Moving house is one of the most stressful things you can do, and it’s even more stressful with kids! You have to find the time to pack, prepare the kids, hire movers and get your affairs in order at both the old and new houses. And all of that while you keep doing everything you normally do! Moving can be stressful and upsetting for both parents and children. Kids can begin to feel unsettled with you moving everything around. They might feel attached to your current house and not feel at home with the new on. So even after you’ve moved everything there’s still work to do to help them settle in.
It’s even more difficult to move if you’re leaving town. Even if you’re not going that far, you could be taking the kids away from their school, friends and places they’re familiar with. Plus, you could be starting a new job or facing the prospect of making new friends yourself. Moving to another city is a great new adventure. But there’s always an adjustment period where everyone has to learn to fit in and find their place in the new neighborhood. It’s not all about the kids either – mom and dad need to find new friends and new things to do. Help yourself and your kids with the upheaval of moving by preparing for everything that’s going to happen.
Perhaps you’re moving house because of a new job or maybe you just wanted a change. Either way, you should involve the kids in the move from the beginning. If it’s possible, ask them for their input on whether you should move in the first place. Of course, sometimes it will be a necessity. If you or your partner needs that new job, don’t turn it down because the kids don’t want to go! But otherwise, listen to any concerns they might have about moving.
Once you have decided to move, keep the kids involved by letting them have a say in the house. If you can take them to viewings to help you choose (or make them think they’re helping to choose) then that’s great. But if not, take them to visit the house before moving and show them around. Let them pick their own room or playroom and suggest places for their things to go. Point out where they can play outside and how they can make the space their own. Continue to talk about moving with your kids, make sure they know how things will change and listen to any concerns they might have.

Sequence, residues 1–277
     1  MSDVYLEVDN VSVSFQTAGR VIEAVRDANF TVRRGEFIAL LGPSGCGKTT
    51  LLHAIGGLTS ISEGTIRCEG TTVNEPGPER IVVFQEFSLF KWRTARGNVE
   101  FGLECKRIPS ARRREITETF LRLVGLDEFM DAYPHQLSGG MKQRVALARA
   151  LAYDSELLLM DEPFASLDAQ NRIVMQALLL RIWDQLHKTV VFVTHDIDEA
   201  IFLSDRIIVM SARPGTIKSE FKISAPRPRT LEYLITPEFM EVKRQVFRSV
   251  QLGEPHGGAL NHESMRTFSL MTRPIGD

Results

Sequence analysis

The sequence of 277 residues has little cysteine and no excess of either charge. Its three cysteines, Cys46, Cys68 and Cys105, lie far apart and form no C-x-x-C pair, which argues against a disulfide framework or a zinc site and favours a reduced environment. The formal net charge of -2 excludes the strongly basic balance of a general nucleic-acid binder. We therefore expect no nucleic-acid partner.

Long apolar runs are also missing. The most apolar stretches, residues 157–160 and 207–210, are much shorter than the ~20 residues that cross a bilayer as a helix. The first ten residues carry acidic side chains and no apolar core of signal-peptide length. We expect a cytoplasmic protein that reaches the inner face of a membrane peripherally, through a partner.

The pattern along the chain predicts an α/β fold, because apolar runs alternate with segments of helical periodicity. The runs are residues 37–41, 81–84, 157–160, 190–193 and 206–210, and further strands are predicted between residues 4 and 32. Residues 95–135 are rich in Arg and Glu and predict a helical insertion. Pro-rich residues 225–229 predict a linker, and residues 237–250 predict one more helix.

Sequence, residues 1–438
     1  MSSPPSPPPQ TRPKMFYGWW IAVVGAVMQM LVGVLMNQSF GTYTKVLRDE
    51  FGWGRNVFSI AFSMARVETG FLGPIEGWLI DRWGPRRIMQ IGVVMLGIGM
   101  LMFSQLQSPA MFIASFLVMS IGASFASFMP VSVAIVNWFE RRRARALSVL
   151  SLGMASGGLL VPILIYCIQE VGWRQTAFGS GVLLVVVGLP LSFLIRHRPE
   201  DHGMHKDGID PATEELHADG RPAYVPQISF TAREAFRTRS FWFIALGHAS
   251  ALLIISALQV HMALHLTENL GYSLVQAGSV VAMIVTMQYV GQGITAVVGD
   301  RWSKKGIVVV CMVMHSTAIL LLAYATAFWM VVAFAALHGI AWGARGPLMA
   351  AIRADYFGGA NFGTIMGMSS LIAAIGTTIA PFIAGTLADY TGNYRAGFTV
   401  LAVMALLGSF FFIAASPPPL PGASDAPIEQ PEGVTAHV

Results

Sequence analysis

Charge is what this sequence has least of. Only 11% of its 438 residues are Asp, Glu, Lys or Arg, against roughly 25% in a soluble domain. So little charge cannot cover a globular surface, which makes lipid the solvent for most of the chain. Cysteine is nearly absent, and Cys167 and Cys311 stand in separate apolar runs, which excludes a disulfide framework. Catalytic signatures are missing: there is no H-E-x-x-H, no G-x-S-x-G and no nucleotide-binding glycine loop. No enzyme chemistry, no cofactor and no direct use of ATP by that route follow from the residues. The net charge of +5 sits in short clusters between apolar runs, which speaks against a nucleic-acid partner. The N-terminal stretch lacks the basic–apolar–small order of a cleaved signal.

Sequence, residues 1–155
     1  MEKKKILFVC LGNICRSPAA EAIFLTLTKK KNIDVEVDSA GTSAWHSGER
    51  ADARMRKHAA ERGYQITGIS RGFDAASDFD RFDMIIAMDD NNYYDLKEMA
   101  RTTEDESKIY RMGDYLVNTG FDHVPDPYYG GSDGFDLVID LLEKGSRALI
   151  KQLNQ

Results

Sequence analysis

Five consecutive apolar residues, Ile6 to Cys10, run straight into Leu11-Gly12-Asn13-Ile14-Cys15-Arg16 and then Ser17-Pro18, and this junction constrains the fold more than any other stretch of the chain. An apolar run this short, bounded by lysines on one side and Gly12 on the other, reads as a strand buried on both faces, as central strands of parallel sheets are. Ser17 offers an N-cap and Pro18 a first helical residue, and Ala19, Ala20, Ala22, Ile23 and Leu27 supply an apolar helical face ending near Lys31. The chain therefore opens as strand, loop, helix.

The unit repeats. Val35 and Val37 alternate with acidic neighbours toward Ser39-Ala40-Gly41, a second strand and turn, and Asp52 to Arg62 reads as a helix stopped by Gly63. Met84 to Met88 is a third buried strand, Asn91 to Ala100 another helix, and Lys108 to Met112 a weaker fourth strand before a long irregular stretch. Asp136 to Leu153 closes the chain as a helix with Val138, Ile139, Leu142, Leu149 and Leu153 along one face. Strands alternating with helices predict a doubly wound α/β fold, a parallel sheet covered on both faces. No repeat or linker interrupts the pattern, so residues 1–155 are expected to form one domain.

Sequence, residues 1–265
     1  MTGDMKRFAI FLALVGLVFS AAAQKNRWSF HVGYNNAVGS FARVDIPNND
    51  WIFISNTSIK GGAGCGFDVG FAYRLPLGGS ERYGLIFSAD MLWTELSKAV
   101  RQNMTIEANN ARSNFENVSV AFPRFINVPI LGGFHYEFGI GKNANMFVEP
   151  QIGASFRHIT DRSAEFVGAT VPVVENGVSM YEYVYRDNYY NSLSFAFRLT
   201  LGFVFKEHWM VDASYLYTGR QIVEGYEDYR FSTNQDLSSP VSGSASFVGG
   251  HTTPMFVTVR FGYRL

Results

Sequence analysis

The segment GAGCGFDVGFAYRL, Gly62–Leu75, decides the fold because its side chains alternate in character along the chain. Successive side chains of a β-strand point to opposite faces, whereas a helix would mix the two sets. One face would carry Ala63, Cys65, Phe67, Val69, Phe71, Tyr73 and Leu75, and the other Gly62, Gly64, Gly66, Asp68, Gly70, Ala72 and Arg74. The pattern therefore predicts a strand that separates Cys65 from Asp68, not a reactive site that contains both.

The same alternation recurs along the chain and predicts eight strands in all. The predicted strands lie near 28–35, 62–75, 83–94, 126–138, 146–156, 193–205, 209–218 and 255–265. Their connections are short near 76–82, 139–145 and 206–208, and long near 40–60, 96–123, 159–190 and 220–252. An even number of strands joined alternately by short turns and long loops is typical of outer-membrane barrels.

The Big Move
When it’s time to start packing up, you can make sure your child remains involved along the way. Send them to do little jobs when you’re packing, depending on their age and capabilities. Ask them to pack up their room and help you to wrap breakables in bubble-wrap or place things in boxes. This will make them feel like they’re helping and help to keep them out of the way of the movers. You might choose to move everything yourself with a self-drive van. Or you might choose to visit a website like http://www.thepromove.com/ and hire movers.
Make moving into a big adventure. Your kids get to eat take-out from plastic plates and spend time on the road for the journey. Once you arrive, they can explore the house and use their imagination to make use of the new space. You can help them to settle in quicker by allowing them to set up their bedroom first. That way, if they need their own space they have somewhere to go. Don’t leave the rest of the house packed up for too long, or it will feel like you aren’t really living there.
Starting school can be tough for older children, but younger ones might adapt to pre-school or kindergarten more quickly. Some people suggest moving during the summer, so kids have time to get used to the idea of a new school. However, they might feel lonely over the summer. Shy kids might have a harder time, but should settle in eventually. Adjusting to a new school can take a while, even for outgoing children. It’s normal for children to spend up to six weeks learning to fit into their new school.
It’s a good idea to get to know your child’s teachers, so you feel comfortable discussing any issues while they’re settling in. You can familiarize yourself with the school by visiting classrooms and meeting the principal. You can make sure the staff is prepared for your child’s arrival. Talk to your kids about their day at school and listen to any concerns they might have. Their schoolwork is important too, as well as how they’re settling in more generally. So keep an eye on how they’re getting on with the workload.
Helping your kids to make friends is a great opportunity for you to make friends too. You shouldn’t be too pushy about helping them, but you can make it easier. Get to know other families from their school, especially parents of children they have mentioned. You can try to set up playdates with other parents. But make sure you don’t pick someone you want to be friends with over someone your child wants to be friends with!
School isn’t the only place to make friends. You can also get to know your neighbors, and both you and the kids can make friends in the neighborhood. Send the kids to extracurricular activities too, so they have more opportunities to meet people. Even just going to a local park or playground is an opportunity to meet other children and parents. Take time to make your friends outside of a parental context too. Don’t neglect your hobbies and time to yourself.
Don’t forget to allow your kids time to settle in. It’s not uncommon for them to be upset or even angry for a while after moving. Allow them time to adjust, and they’ll soon be happier and more settled.